STATE lawyers, led by the Solicitor General, Dr Clement Mashamba, have requested the Court of Appeal to nullify the judgment of the High Court that declared unconstitutional the provision under Criminal Procedure Act (CPA), which denies bail persons facing capital offences.
On behalf of the Attorney General (AG), Prof Adelardus Kilangi, who is the appellant in the matter, Dr Mashamba submitted ten grounds of appeal to fault the highly contested judgment of the High Court delivered on May 18, 2020.
"We request this court to allow the appeal and quash the judgment of the High Court," Dr Mashamba asked the Court of Appeal Bench composed of five Justices Stella Mugasha, Gerald Ndika, Jacobs Mwambegele, Mwanaisha Kwariko and Ignas Kitusi.
Other state lawyers who appeared alongside the Solicitor General in arguing the appeal are Principal State Attorneys Biswalo Mganga, George Mandepo, Alesia Mbuya, Faraja Nchimbi, Tumaini Kweka as well as State Attorneys Abubakar Mrisha and Narindwa Sekimanga.
On May 18, this year, High Court Judges, Dr Benhajj Masoud, Seif Kulita and Dr Juliana Masabo delivered a ruling that section 148 (5) of CPA violates Article 13 (3) (6)(b) and 15 (1) (2) of Constitution of United Republic of Tanzania.
The section in question restricts bail on persons charged with murder, treason, terrorism, armed robbery, narcotic drugs and money laundering offences.
During the hearing of the appeal, however, state lawyers told the justices of the appeals court that the High Court committed serious errors in such judgment.
They submitted that the High Court erred in law in holding that section 148 (5) of the CPA, as amended from time to time is violative of Article 13 (3) of the Constitution and not consistent with Article 15 (1) and (2) of the Constitution of the United Republic of Tanzania.
The state lawyers submitted that power to protect and determine the rights, duties and interests of the individual are vested in the judiciary and other state agencies and that each organ executes its protection function independently and in accordance with the law.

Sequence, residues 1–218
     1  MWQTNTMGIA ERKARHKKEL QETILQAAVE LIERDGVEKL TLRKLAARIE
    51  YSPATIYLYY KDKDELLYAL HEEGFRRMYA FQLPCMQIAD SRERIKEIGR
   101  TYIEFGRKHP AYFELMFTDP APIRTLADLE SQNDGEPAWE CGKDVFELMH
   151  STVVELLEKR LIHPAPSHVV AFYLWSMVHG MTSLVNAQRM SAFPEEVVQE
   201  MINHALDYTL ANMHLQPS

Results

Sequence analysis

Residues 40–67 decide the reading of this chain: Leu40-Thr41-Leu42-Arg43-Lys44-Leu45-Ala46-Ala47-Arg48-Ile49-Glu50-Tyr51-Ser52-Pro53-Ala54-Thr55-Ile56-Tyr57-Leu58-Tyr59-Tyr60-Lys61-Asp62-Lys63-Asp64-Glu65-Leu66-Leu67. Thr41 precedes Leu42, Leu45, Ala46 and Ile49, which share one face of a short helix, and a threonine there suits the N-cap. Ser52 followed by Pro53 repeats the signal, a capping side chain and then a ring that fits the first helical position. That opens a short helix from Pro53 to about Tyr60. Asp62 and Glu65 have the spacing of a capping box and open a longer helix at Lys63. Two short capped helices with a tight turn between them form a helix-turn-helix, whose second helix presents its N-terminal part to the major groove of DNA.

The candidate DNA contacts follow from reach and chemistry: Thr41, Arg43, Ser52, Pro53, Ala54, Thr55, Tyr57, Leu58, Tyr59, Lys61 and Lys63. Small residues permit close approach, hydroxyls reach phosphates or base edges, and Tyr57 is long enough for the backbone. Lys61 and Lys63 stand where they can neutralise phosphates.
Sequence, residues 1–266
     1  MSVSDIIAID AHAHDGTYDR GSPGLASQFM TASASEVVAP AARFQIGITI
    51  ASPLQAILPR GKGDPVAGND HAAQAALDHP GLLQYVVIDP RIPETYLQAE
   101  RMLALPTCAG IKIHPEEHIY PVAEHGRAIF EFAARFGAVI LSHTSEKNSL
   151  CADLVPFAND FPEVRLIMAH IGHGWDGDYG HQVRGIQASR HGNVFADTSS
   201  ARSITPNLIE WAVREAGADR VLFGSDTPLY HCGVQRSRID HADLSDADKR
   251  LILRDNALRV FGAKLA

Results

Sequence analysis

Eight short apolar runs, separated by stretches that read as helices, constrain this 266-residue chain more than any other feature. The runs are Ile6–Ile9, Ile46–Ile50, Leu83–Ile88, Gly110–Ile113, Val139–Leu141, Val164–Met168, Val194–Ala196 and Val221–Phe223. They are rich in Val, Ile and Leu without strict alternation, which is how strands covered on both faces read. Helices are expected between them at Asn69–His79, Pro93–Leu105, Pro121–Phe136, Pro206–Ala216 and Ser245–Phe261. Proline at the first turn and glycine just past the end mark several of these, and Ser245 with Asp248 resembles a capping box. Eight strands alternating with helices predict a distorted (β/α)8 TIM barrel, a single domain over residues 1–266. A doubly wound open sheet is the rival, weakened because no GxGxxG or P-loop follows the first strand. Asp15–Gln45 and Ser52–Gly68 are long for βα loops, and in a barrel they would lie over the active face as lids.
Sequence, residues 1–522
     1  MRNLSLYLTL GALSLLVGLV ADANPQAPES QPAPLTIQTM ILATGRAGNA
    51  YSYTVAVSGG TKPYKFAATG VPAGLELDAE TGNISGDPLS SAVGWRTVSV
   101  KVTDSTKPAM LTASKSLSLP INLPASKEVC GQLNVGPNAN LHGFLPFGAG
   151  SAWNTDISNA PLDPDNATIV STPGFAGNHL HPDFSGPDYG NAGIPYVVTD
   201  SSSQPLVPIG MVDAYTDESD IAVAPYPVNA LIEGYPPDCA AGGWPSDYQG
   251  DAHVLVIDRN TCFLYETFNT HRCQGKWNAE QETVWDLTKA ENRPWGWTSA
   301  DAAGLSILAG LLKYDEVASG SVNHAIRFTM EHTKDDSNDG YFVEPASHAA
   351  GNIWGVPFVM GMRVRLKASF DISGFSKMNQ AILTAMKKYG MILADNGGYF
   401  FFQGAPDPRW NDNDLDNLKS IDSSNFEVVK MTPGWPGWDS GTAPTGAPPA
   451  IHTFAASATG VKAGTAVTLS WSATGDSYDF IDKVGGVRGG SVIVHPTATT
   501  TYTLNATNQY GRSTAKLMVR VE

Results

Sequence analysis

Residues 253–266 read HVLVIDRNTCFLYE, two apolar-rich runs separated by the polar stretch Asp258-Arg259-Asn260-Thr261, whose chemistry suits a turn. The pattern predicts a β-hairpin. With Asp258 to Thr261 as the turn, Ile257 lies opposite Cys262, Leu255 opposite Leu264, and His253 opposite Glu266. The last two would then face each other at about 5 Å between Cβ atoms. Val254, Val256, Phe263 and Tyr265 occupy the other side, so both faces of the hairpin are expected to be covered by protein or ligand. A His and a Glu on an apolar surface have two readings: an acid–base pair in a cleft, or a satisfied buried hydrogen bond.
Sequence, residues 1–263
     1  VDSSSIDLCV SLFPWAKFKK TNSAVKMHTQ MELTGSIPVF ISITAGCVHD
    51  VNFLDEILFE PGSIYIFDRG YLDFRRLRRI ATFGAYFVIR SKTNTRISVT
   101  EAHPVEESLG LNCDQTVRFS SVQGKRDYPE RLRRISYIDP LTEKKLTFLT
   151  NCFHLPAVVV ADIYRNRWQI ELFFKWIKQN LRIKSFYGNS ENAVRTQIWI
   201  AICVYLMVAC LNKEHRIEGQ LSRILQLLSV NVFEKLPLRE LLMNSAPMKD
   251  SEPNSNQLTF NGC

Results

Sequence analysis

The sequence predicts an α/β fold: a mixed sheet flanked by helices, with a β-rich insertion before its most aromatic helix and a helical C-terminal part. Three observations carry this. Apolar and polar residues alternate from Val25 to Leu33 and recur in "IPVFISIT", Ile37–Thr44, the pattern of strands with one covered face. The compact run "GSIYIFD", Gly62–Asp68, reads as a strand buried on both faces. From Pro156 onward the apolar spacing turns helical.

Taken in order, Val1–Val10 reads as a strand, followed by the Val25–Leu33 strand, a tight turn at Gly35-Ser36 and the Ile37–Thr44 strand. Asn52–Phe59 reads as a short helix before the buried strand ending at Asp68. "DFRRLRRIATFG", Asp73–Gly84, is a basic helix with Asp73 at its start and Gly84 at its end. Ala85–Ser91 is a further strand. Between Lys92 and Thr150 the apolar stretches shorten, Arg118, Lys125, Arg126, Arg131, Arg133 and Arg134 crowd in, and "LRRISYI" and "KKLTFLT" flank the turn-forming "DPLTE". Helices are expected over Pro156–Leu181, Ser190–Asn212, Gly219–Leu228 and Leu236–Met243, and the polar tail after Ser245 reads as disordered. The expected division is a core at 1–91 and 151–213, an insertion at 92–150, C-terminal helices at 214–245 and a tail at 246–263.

They argued that the High Court erred in law in holding that section 148 (5) of the CPA ousts the judicial process in considering the possibility of admitting to bail a person accused of non-bailable offence and that the court had determined the provision while the matter was res judicata.
Expounding further, Dr Mashamba told the Court of Appeal bench that the High Court determined the constitutionality of section 148 (5) of the CPA, while such matter had already been dealt with by the same court in two other cases involving Gidion Wasonga and Mariam Faustine, both against AG.
They submitted that the High Court erred in holding that the provision was unconstitutional despite the fact that the respondent, Advocate Dickson Sanga, who was the petitioner, failed to prove his case beyond reasonable doubt and that the court determined section 148 (5) basing on unpleaded facts.
The lawyers further told the court that the High Court erred in law in holding that the highly contested provision under CPA is not saved by Article 30 (2) of the Constitution and that the court had erred in misapplying the reasoning and holding advancing in various previous Court of Appeal decisions.
In addition, the state lawyers stated that the High Court erred in striking out the whole of section 148 (5) of the CPA without paying due regard to the likelihood of causing havoc in the entire system of administration of criminal justice in the country.
"The High Court was not right in declaring unconstitutional the entire section 148 (5) of the CPA, while Sub-section (b) to (e) vest powers to the court to exercise its jurisdictions in determining the rights of the accused persons charged," the DPP further submitted.
Furthermore, according to state lawyers, the High Court erred in law in basing its decision on some defective paragraphs of the respondent's affidavit in support of petition.
They stated that in the paragraph 11 to 14 the respondent had not disclosed the source of information he swore. The lawyers, thus, requested the court to expunge such offending paragraphs.
They forcefully submitted that the remaining paragraphs of the affidavit did not prove the claims under which the respondent had advanced in challenging the constitutionality of section 148 (5) of the CPA.